Komori et al. and Yasui et al. have reviewed the characteristics of different mold materials for glass imprinting [16, 17]. Mold materials such as nickel, silicon or silicon dioxide, which are used for polymers injection molding, are not suitable for high Tg glass compression molding because of their poor heat stability and strong adhesion when releasing the glass part from the mold. However carbide-based hard alloys, such as tungsten carbide or silicon carbide, are commonly used to mold metals and glasses [14, 18-20].
Nanostructuring the mentioned alloys is quite difficult and leads to wasting expensive fabrication material. There are other interesting candidates, as for example graphene-coated silicon, copper-nickel alloy, nickel-phosphorus and chemical vapor-deposited diamond [16, 21-23].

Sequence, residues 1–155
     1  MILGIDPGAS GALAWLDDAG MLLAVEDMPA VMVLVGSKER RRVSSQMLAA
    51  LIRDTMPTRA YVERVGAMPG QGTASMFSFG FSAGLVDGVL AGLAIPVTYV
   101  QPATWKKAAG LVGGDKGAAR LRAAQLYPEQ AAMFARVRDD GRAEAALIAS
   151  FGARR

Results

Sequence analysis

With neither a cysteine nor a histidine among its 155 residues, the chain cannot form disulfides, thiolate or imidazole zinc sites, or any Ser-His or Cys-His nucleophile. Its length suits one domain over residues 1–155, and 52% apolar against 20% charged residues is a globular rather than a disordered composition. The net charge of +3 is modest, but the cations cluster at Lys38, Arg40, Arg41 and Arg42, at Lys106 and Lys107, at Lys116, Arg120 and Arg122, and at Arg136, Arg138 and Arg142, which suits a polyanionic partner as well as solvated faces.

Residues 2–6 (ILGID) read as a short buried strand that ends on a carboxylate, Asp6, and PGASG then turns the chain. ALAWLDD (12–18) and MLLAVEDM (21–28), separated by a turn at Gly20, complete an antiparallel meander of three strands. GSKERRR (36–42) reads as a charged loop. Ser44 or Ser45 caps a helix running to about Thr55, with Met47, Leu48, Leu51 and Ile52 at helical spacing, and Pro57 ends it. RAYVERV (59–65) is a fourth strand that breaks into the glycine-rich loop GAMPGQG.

Glassy carbon (glass-like carbon, vitreous carbon, GC) is especially interesting for compression glass molding of high Tg glasses, such as fused silica. The successful use of glassy carbon as a mold has been reported a couple of times during the last decade [24, 25]. Glassy carbon has interesting properties that are related to its fullerene-related structure and allows extreme operating temperature (up to 2000°C) . It is chemically inert and stable, and has a high hardness and a gas impermeability that leads to a low cohesion between glassy carbon and molding glasses [24, 27-29]. Glassy carbon can be polished and allows fabricating wafers of different sizes with high surface quality of λ/20 (over one inch length). The major drawback is that GC cannot easily be microstructured with conventional machines. But etching techniques and milling techniques known from microfabrication have been proven to be effective for depths in the order of micrometers. Different techniques for glassy carbon micro-structuration have already been tested. Kuhnke et al. have made a comparison between direct laser micromachining and reactive ion etching (RIE) , and Youn et al. and Takahashi et al. have investigated focused ion beam, nano/femtosecond-pulsed laser, excimer laser and dicing techniques [24, 30-32]. Dry etching of glassy carbon which results in a smooth surface quality has been highlighted by combining SF6/O2 during the RIE process [33, 34].